Which Malt Is No Longer Present in SA Octoberfest?

Sam Adams ad copy used to mention that their Octoberfest was a blend of 5 malts ( https://beerconnoisseur.com/articles/samuel-adams-fall-seasonal-octoberfest-returns ) and now it’s website only mentions 4 ( https://www.samueladams.com/our-beers/limited-release/marzen/octoberfest ).

Which malt is missing? :slight_smile:

Bonus round: Which non-proprietary malt would you guess that “Sam Adams Octoberfest malt” is closest to?

Double bonus: What would be your guess as to how each malt they include breaks down by percentage?

Sorry for the uncharacteristically short post, RateBeer ate my original characteristically lengthy one. :slight_smile:

All my guesses are gonna be completely wrong, but oh well, why not.

Classic Märzen can in principle be made with Vienna only. I am inclined to guess they use Munich too out of principle, but let’s scrap that and say the other four malts were Pilsner, Carahell, Melanoidin and RedX.

The first thing I would scrap would be Melanoidin and/or RedX.

Octoberfest Malt… How about Carahell?

50% Vienna, 25% Pilsner, 10% Melanoidin, 10% Red X, 10% Carahell.

Red X is relatively new and is effectively a melanoidin mix in my understanding. So it is quite possible they replaced melanoidin malt plus something else with Red X (or a similar product)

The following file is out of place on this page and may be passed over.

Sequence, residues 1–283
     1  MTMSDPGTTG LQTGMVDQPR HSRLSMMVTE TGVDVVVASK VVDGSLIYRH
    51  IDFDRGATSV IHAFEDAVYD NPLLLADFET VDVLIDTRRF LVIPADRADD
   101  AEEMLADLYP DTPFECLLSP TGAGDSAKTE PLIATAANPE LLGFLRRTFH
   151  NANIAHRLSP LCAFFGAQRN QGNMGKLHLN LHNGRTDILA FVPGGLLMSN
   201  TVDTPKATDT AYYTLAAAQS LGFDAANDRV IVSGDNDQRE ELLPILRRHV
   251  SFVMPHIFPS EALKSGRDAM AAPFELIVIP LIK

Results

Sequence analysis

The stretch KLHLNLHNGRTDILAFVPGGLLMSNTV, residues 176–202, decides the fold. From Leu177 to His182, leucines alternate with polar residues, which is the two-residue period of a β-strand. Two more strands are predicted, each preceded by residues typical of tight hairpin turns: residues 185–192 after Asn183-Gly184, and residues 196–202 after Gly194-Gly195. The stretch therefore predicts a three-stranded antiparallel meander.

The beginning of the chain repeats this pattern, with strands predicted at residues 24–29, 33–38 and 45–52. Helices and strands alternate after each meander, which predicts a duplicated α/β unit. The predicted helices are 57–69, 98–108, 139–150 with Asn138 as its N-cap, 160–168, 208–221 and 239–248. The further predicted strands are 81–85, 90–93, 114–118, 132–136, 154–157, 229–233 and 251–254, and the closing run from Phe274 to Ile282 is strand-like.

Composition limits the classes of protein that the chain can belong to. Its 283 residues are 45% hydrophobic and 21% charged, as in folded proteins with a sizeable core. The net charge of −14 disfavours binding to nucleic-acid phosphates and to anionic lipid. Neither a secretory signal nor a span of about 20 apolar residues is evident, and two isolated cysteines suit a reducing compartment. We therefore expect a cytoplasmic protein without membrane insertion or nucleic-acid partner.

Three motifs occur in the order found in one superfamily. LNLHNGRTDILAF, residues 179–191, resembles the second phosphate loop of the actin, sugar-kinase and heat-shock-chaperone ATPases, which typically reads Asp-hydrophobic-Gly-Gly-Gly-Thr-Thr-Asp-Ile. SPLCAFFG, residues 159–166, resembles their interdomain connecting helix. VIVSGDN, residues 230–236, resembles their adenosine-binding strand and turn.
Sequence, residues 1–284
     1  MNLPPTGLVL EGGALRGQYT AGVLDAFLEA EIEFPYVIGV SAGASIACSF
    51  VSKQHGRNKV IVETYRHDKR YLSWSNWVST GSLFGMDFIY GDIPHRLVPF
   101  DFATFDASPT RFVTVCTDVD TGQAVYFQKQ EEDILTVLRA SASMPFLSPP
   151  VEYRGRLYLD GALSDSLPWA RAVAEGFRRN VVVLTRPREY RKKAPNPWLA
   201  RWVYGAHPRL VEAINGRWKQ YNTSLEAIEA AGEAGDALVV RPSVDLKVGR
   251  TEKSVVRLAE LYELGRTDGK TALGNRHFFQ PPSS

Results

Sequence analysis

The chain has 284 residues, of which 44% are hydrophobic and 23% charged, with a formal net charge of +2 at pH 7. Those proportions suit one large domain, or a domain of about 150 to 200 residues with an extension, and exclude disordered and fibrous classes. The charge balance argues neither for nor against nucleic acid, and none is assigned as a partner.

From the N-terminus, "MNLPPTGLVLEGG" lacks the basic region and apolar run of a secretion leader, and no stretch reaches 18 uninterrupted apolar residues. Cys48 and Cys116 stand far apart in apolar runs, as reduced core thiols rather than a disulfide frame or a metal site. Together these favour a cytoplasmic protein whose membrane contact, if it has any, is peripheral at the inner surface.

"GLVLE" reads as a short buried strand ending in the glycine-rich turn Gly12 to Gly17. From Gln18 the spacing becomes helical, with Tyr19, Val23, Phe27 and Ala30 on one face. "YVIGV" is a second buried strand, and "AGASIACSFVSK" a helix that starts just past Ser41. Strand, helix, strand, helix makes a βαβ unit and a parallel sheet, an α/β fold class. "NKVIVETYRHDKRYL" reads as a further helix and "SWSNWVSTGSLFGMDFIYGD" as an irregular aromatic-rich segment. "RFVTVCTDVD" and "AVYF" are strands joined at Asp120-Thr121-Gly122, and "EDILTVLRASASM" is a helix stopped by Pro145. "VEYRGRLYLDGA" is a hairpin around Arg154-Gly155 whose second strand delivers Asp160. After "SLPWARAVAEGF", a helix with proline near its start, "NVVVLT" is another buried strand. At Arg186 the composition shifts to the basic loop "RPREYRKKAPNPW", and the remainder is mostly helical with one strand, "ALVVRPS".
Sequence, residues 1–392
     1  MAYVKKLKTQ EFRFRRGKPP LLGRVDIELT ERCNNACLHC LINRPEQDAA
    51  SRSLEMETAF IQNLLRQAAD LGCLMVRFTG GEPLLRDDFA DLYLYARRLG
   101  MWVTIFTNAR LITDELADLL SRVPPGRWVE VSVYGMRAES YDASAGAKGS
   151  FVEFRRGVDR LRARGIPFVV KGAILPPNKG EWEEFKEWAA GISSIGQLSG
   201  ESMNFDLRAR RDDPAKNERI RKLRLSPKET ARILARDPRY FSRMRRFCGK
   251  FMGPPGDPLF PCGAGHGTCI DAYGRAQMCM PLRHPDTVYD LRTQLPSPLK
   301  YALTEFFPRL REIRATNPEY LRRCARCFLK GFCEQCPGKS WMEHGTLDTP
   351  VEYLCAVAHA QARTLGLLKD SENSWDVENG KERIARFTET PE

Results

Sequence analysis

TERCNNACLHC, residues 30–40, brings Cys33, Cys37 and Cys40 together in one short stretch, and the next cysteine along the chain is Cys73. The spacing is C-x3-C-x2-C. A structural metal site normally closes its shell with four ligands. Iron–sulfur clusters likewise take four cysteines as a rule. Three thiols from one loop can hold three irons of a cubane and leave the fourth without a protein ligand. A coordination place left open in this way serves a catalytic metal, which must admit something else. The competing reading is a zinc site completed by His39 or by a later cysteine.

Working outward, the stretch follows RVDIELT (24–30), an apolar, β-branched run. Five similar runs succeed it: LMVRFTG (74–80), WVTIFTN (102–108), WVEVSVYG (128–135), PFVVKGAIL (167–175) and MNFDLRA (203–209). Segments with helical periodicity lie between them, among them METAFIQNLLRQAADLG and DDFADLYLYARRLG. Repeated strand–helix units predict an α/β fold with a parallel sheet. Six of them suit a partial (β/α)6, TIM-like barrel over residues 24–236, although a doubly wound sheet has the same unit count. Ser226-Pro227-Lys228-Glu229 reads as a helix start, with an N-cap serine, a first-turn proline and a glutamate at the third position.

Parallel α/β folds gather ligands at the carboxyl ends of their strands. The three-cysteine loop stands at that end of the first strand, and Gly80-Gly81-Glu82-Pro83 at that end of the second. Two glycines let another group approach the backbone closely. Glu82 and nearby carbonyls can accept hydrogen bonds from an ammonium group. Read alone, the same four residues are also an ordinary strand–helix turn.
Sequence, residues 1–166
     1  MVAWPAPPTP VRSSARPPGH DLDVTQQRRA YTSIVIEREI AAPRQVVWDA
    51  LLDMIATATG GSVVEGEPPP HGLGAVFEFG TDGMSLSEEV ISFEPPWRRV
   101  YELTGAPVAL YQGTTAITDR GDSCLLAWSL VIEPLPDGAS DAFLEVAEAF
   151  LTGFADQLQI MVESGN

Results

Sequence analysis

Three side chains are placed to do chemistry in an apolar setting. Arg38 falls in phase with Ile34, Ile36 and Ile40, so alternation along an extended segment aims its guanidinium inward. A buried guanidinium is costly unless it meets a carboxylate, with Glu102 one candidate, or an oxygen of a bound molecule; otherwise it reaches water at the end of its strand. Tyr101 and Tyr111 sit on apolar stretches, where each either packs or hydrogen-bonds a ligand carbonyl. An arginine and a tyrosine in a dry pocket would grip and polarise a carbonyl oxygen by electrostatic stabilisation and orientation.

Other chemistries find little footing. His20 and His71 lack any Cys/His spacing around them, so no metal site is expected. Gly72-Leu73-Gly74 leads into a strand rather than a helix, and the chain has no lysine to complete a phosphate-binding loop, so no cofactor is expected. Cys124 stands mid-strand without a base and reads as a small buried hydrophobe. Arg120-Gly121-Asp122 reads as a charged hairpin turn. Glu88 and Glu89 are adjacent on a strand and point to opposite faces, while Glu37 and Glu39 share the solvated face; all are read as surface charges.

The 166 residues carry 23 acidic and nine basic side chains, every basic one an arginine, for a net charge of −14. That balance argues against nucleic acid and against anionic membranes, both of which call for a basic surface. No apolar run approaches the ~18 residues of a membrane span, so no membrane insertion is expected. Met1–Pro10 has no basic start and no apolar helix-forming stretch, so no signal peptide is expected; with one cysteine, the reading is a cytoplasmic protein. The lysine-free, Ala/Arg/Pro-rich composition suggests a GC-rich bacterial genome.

I should mention for those who didn’t click the website link, that the four malts it names as being part of their current recipe are “Samuel Adams two-row pale malt blend, Munich-10, Samuel Adams Octoberfest malt, and Caramel 60”.

oh, I did, but the Sam Adams website wouldn’t let me in.

Well, then, the Octoberfest malt is probably close to Vienna.

Funnily enough a older RB discussion about the same topic pops up if you google for Octoberfest malt :slight_smile:

Interestingly, if one uses the “Wayback Machine”, and goes back to 2012, one finds this:


Under “About”, it notes " Samuel Adams Octoberfest masterfully blends together five roasts of malt", but under “Profile”, it lists only 3 malts: “Samuel Adams two-row pale malt blend, Munich-10, and Caramel 60”. The plot thickens.